Integer linear programming (ILP) is the subset of optimization algorithms used in this package to solve reserve design problems. The general form of an integer programming problem can be expressed in matrix notation using the following equation.
$$\mathit{Minimize} \space \mathbf{c}^{\mathbf{T}}\mathbf{x} \space \mathit{subject \space to} \space \mathbf{Ax}\geq= or\leq \mathbf{b}$$
Here, \(x\) is a vector of decision variables, \(c\) and \(b\) are vectors of known coefficients, and \(A\) is the constraint matrix. The final term specifies a series of structural constraints where relational operators for the constraint can be either \(\ge\), \(=\), or \(\le\) the coefficients. For example, in the minimum set cover problem, \(c\) would be a vector of costs for each planning unit, \(b\) a vector of targets for each conservation feature, the relational operator would be \(\ge\) for all features, and \(A\) would be the representation matrix with \(A_{ij}=r_{ij}\), the representation level of feature \(i\) in planning unit \(j\).
Please note that this function internally computes the amount of each
feature in each planning unit when this data is not supplied (using the
rij_matrix
parameter). As a consequence, it can take a while to
initialize largescale conservation planning problems that involve
millions of planning units.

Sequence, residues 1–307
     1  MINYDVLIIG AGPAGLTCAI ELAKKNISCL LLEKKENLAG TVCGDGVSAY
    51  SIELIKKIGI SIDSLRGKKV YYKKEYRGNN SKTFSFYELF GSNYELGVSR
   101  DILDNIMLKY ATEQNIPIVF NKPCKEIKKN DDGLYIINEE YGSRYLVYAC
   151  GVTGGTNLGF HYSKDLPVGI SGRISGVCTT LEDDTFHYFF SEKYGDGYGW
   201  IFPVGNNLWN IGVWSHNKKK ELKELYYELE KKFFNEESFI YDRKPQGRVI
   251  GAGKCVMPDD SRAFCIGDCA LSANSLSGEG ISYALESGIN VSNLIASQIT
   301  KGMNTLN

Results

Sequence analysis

# load data data(sim_pu_raster, sim_pu_polygons, sim_pu_lines, sim_pu_points, sim_pu_sf, sim_features) # create problem using raster planning unit data p1 < problem(sim_pu_raster, sim_features) %>% add_min_set_objective() %>% add_relative_targets(0.2) %>% add_binary_decisions() %>% add_default_solver(verbose = FALSE) # \dontrun{ # create problem using polygon (Spatial) planning unit data p2 < problem(sim_pu_polygons, sim_features, "cost") %>% add_min_set_objective() %>% add_relative_targets(0.2) %>% add_binary_decisions() %>% add_default_solver(verbose = FALSE) # create problem using line (Spatial) planning unit data p3 < problem(sim_pu_lines, sim_features, "cost") %>% add_min_set_objective() %>% add_relative_targets(0.2) %>% add_binary_decisions() %>% add_default_solver(verbose = FALSE) # create problem using point (Spatial) planning unit data p4 < problem(sim_pu_points, sim_features, "cost") %>% add_min_set_objective() %>% add_relative_targets(0.2) %>% add_binary_decisions() %>% add_default_solver(verbose = FALSE) # create problem using polygon (sf) planning unit data p5 < problem(sim_pu_sf, sim_features, "cost") %>% add_min_set_objective() %>% add_relative_targets(0.2) %>% add_binary_decisions() %>% add_default_solver(verbose = FALSE) # add columns to polygon planning unit data representing the abundance # of species inside them sim_pu_polygons$spp_1 < rpois(length(sim_pu_polygons), 5) sim_pu_polygons$spp_2 < rpois(length(sim_pu_polygons), 8) sim_pu_polygons$spp_3 < rpois(length(sim_pu_polygons), 2) # create problem using preprocessed data when feature abundances are # stored in the columns of an attribute table for a spatial vector dataset p6 < problem(sim_pu_polygons, features = c("spp_1", "spp_2", "spp_3"), "cost") %>% add_min_set_objective() %>% add_relative_targets(0.2) %>% add_binary_decisions() %>% add_default_solver(verbose = FALSE) # alternatively one can supply preprocessed aspatial data costs < sim_pu_polygons$cost features < data.frame(id = seq_len(nlayers(sim_features)), name = names(sim_features)) rij_mat < rij_matrix(sim_pu_polygons, sim_features) p7 < problem(costs, features, rij_matrix = rij_mat) %>% add_min_set_objective() %>% add_relative_targets(0.2) %>% add_binary_decisions() %>% add_default_solver(verbose = FALSE) # solve problems s1 < solve(p1)#> $LogToConsole #> [1] 0 #> #> $LogFile #> [1] "" #> #> $Presolve #> [1] 2 #> #> $MIPGap #> [1] 0.1 #> #> $TimeLimit #> [1] 2147483647 #> #> $Threads #> [1] 1 #> #> $NumericFocus #> [1] 0 #>#> $LogToConsole #> [1] 0 #> #> $LogFile #> [1] "" #> #> $Presolve #> [1] 2 #> #> $MIPGap #> [1] 0.1 #> #> $TimeLimit #> [1] 2147483647 #> #> $Threads #> [1] 1 #> #> $NumericFocus #> [1] 0 #>#> $LogToConsole #> [1] 0 #> #> $LogFile #> [1] "" #> #> $Presolve #> [1] 2 #> #> $MIPGap #> [1] 0.1 #> #> $TimeLimit #> [1] 2147483647 #> #> $Threads #> [1] 1 #> #> $NumericFocus #> [1] 0 #>#> $LogToConsole #> [1] 0 #> #> $LogFile #> [1] "" #> #> $Presolve #> [1] 2 #> #> $MIPGap #> [1] 0.1 #> #> $TimeLimit #> [1] 2147483647 #> #> $Threads #> [1] 1 #> #> $NumericFocus #> [1] 0 #>#> $LogToConsole #> [1] 0 #> #> $LogFile #> [1] "" #> #> $Presolve #> [1] 2 #> #> $MIPGap #> [1] 0.1 #> #> $TimeLimit #> [1] 2147483647 #> #> $Threads #> [1] 1 #> #> $NumericFocus #> [1] 0 #>#> $LogToConsole #> [1] 0 #> #> $LogFile #> [1] "" #> #> $Presolve #> [1] 2 #> #> $MIPGap #> [1] 0.1 #> #> $TimeLimit #> [1] 2147483647 #> #> $Threads #> [1] 1 #> #> $NumericFocus #> [1] 0 #>#> $LogToConsole #> [1] 0 #> #> $LogFile #> [1] "" #> #> $Presolve #> [1] 2 #> #> $MIPGap #> [1] 0.1 #> #> $TimeLimit #> [1] 2147483647 #> #> $Threads #> [1] 1 #> #> $NumericFocus #> [1] 0 #># plot solutions for problems associated with spatial data par(mfrow = c(3, 2), mar = c(0, 0, 4.1, 0)) plot(s1, main = "raster data", axes = FALSE, box = FALSE) plot(s2, main = "polygon data") plot(s2[s2$solution_1 == 1, ], col = "darkgreen", add = TRUE) plot(s3, main = "line data") lines(s3[s3$solution_1 == 1, ], col = "darkgreen", lwd = 2) plot(s4, main = "point data", pch = 19) points(s4[s4$solution_1 == 1, ], col = "darkgreen", cex = 2, pch = 19) plot(s5, main = "sf (polygon) data", pch = 19)plot(s6, main = "preprocessed data", pch = 19) plot(s6[s6$solution_1 == 1, ], col = "darkgreen", add = TRUE) # show solutions for problems associated with aspatial data str(s7)#> num [1:90] 0 0 0 0 0 0 0 0 0 1 ... #>  attr(*, "objective")= Named num 3586 #> .. attr(*, "names")= chr "solution_1" #>  attr(*, "status")= Named chr "OPTIMAL" #> .. attr(*, "names")= chr "solution_1" #>  attr(*, "runtime")= Named num 0.005 #> .. attr(*, "names")= chr "solution_1"# } # create some problems with multiple zones # first, create a matrix containing the targets for multizone problems # here each row corresponds to a different feature, each # column corresponds to a different zone, and values correspond # to the total (absolute) amount of a given feature that needs to be secured # in a given zone targets < matrix(rpois(15, 1), nrow = number_of_features(sim_features_zones), ncol = number_of_zones(sim_features_zones), dimnames = list(feature_names(sim_features_zones), zone_names(sim_features_zones))) # print targets print(targets)#> zone_1 zone_2 zone_3 #> feature_1 2 0 2 #> feature_2 1 2 0 #> feature_3 0 1 0 #> feature_4 0 0 2 #> feature_5 1 4 3# create a multizone problem with raster data p8 < problem(sim_pu_zones_stack, sim_features_zones) %>% add_min_set_objective() %>% add_absolute_targets(targets) %>% add_binary_decisions() %>% add_default_solver(verbose = FALSE) # \dontrun{ # solve problem s8 < solve(p8)#> $LogToConsole #> [1] 0 #> #> $LogFile #> [1] "" #> #> $Presolve #> [1] 2 #> #> $MIPGap #> [1] 0.1 #> #> $TimeLimit #> [1] 2147483647 #> #> $Threads #> [1] 1 #> #> $NumericFocus #> [1] 0 #># plot solution # here, each layer/panel corresponds to a different zone and pixel values # indicate if a given planning unit has been allocated to a given zone par(mfrow = c(1, 1))# alternatively, the category_layer function can be used to create # a new raster object containing the zone ids for each planning unit # in the solution (note this only works for problems with binary decisions) par(mfrow = c(1, 1)) plot(category_layer(s8), axes = FALSE, box = FALSE)# create a multizone problem with polygon data p9 < problem(sim_pu_zones_polygons, sim_features_zones, cost_column = c("cost_1", "cost_2", "cost_3")) %>% add_min_set_objective() %>% add_absolute_targets(targets) %>% add_binary_decisions() %>% add_default_solver(verbose = FALSE) # solve problem s9 < solve(p9)#> $LogToConsole #> [1] 0 #> #> $LogFile #> [1] "" #> #> $Presolve #> [1] 2 #> #> $MIPGap #> [1] 0.1 #> #> $TimeLimit #> [1] 2147483647 #> #> $Threads #> [1] 1 #> #> $NumericFocus #> [1] 0 #># create column containing the zone id for which each planning unit was # allocated to in the solution s9$solution < category_vector(s9@data[, c("solution_1_zone_1", "solution_1_zone_2", "solution_1_zone_3")]) s9$solution < factor(s9$solution) # plot solution spplot(s9, zcol = "solution", main = "solution", axes = FALSE, box = FALSE)# create a multizone problem with polygon planning unit data # and where fields (columns) in the attribute table correspond # to feature abundances # first fields need to be added to the planning unit data # which indicate the amount of each feature in each zone # to do this, the fields will be populated with random counts sim_pu_zones_polygons$spp1_z1 < rpois(nrow(sim_pu_zones_polygons), 1) sim_pu_zones_polygons$spp2_z1 < rpois(nrow(sim_pu_zones_polygons), 1) sim_pu_zones_polygons$spp3_z1 < rpois(nrow(sim_pu_zones_polygons), 1) sim_pu_zones_polygons$spp1_z2 < rpois(nrow(sim_pu_zones_polygons), 1) sim_pu_zones_polygons$spp2_z2 < rpois(nrow(sim_pu_zones_polygons), 1) sim_pu_zones_polygons$spp3_z2 < rpois(nrow(sim_pu_zones_polygons), 1) # create problem with polygon planning unit data and use field names # to indicate feature data # additionally, to make this example slightly more interesting, # the problem will have prfoportiontype decisions such that # a proportion of each planning unit can be allocated to each of the # two management zones p10 < problem(sim_pu_zones_polygons, zones(c("spp1_z1", "spp2_z1", "spp3_z1"), c("spp1_z2", "spp2_z2", "spp3_z2"), zone_names = c("z1", "z2")), cost_column = c("cost_1", "cost_2")) %>% add_min_set_objective() %>% add_absolute_targets(targets[1:3, 1:2]) %>% add_proportion_decisions() %>% add_default_solver(verbose = FALSE) # solve problem s10 < solve(p10)#> $LogToConsole #> [1] 0 #> #> $LogFile #> [1] "" #> #> $Presolve #> [1] 2 #> #> $MIPGap #> [1] 0.1 #> #> $TimeLimit #> [1] 2147483647 #> #> $Threads #> [1] 1 #> #> $NumericFocus #> [1] 0 #># plot solution spplot(s10, zcol = c("solution_1_z1", "solution_1_z2"), main = "solution", axes = FALSE, box = FALSE)# }